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Applications for jobless benefits highest since October 2021

by The Associated Press | June 9, 2023 at 4:00 a.m.
FILE - A hiring sign is displayed at a restaurant in Prospect Heights, Ill., on April 4, 2023. The hot jobs market has been defying a weakening economy and confounding the Federal Reserve for months, but now shows signs of cooling. The latest set of employment data from the government shows that job openings fell in March to their lowest level since April 2021. Layoffs rose to 1.8 million, their highest level since December 2020. (AP Photo/Nam Y. Huh, File)

The number of Americans applying for unemployment benefits last week rose to its highest level since October 2021, but the labor market remains one of the healthiest parts of the U.S. economy.

The Labor Department reported Thursday that U.S. applications for jobless claims were 261,000 for the week ending June 3, an increase of 28,000 from the previous week's 233,000. Weekly jobless claims are considered representative of U.S. layoffs.

The four-week moving average of claims, which evens out some of the weekly variations, rose by 7,500 to 237,250.

Despite last week's sharp increase in filings for unemployment aid, some analysts cautioned against concluding that layoffs are picking up across the economy. They noted the weekly figures are prone to revision and that last week's numbers might have been distorted by the three-day Memorial Day weekend.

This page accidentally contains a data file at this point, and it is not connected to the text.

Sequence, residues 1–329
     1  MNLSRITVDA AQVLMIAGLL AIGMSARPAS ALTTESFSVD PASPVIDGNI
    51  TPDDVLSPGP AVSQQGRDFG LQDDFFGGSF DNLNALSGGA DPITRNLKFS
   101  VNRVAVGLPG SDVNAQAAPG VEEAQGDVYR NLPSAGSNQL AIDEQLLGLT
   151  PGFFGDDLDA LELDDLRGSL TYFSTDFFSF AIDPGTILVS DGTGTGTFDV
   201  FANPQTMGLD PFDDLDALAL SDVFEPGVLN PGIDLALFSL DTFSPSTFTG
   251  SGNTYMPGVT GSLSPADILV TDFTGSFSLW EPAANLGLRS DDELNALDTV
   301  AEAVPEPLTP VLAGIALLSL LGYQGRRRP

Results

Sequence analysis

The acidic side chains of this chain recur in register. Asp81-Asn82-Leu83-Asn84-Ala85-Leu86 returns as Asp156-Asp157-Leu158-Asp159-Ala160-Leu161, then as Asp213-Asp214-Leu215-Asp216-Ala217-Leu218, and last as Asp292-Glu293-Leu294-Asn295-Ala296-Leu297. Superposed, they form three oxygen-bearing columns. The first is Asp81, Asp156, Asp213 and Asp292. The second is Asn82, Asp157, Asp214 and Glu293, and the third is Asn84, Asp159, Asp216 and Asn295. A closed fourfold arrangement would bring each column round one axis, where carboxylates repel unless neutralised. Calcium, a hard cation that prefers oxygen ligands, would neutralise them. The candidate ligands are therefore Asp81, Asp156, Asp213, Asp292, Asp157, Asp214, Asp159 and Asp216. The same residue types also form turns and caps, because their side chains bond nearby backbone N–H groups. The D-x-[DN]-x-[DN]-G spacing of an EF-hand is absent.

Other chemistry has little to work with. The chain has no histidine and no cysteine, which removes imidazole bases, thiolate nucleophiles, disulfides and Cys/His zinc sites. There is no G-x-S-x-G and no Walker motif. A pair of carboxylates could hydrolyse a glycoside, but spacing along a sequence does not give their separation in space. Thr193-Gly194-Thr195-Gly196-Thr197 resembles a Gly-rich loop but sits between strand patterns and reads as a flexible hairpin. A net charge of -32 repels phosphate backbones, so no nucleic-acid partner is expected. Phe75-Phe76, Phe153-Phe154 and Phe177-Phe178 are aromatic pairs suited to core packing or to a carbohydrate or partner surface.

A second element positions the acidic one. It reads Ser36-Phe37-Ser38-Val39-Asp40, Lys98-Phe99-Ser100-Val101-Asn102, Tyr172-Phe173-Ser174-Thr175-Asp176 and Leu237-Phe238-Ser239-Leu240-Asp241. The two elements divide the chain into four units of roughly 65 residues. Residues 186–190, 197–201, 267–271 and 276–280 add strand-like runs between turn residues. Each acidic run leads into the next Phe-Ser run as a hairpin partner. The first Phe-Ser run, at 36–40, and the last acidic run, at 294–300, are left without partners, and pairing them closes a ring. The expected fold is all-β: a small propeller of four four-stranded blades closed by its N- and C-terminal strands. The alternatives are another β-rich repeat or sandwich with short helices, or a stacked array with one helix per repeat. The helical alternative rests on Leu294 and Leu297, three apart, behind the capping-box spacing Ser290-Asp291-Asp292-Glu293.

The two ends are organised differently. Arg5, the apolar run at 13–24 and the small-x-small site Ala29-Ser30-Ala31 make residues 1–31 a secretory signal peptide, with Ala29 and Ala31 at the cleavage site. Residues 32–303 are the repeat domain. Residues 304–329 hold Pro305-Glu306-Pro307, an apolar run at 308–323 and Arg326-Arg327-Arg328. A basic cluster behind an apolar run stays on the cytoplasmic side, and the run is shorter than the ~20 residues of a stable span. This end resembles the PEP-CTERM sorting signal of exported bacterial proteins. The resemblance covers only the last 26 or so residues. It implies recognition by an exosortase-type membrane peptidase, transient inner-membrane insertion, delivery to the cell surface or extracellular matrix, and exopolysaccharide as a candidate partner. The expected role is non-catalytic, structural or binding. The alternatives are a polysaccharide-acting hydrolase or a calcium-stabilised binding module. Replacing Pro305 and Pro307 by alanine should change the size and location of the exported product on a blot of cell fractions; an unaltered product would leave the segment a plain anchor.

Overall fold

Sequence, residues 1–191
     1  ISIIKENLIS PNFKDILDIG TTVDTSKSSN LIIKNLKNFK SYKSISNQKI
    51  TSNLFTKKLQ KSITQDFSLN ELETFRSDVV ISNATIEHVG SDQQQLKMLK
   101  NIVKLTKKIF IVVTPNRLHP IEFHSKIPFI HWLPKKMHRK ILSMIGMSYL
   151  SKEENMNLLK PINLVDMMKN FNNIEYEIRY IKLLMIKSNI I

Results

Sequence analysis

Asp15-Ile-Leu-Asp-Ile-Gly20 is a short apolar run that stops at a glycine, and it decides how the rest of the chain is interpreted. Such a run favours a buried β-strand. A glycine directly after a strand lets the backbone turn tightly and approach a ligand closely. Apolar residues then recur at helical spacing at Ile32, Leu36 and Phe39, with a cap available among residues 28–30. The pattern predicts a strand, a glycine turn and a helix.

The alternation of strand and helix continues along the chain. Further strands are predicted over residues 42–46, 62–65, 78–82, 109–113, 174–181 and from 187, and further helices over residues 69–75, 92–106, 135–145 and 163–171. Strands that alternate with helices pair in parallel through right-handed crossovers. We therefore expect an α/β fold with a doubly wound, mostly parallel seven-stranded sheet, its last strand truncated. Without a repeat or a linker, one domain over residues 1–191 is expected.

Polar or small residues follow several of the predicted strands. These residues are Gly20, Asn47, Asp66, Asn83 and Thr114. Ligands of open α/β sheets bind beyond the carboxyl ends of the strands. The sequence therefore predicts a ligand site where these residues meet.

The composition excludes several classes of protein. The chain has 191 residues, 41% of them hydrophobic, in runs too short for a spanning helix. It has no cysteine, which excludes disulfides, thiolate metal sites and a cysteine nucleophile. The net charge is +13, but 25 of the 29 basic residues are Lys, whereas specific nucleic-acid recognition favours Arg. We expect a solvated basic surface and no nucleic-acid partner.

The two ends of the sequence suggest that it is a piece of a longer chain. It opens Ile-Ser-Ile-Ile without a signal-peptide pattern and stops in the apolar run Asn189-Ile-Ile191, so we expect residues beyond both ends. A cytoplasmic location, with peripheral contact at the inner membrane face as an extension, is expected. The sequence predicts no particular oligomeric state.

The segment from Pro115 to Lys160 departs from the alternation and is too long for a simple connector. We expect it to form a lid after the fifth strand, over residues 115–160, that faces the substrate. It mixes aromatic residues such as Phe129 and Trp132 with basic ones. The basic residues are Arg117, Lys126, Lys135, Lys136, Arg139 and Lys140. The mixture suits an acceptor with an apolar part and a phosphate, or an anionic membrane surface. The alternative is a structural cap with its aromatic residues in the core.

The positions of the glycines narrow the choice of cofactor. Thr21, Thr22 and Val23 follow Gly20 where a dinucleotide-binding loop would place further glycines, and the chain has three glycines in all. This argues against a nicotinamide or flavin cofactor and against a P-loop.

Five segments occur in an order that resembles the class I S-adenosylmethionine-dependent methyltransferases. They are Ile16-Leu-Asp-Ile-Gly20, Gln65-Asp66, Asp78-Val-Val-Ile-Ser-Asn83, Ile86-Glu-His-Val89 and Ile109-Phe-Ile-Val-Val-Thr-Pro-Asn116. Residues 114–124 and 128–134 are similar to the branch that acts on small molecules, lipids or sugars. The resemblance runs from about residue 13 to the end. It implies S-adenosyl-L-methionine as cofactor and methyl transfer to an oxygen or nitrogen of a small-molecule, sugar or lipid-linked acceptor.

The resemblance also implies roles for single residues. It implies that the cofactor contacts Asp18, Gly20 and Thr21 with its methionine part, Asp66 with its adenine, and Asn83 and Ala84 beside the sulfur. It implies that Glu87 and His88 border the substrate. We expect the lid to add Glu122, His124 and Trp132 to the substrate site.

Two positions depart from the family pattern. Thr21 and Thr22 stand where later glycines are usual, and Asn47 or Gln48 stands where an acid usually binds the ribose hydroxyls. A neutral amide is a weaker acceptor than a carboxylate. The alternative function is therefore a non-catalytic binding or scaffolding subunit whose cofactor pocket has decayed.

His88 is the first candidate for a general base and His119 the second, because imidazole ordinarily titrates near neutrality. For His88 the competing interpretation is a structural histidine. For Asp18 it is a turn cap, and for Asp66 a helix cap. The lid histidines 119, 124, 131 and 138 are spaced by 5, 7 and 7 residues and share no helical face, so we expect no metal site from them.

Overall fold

"The latest reading reflects a holiday-shortened week (Memorial Day), which ought to raise suspicions that the big move was more noise than signal," said Stephen Stanley, chief U.S. economist for Santander. "I am eager to see next week's reading before I draw any conclusions."

The U.S. economy has added jobs at a furious rate since the pandemic purge of more than 20 million jobs in the spring of 2020. Americans have enjoyed unusual job security, despite the Federal Reserve's aggressive campaign to cool the economy and labor market in its bid to stifle persistent, decades-high inflation.

Though the labor market remains strong, there have been notable high-profile layoffs recently, mostly in the technology sector, where many companies now acknowledge overhiring during the pandemic. IBM, Microsoft, Salesforce, Twitter, Lyft, LinkedIn, Spotify and DoorDash have all announced layoffs in recent months. Amazon and Facebook parent Meta have each announced two sets of job cuts since November.

Outside the tech sector, McDonald's, Morgan Stanley and 3M also recently announced layoffs.

Overall, 1.76 million people were collecting unemployment benefits the week that ended May 27, about 37,000 fewer than the previous week.

Print Headline: Applications for jobless benefits highest since October 2021


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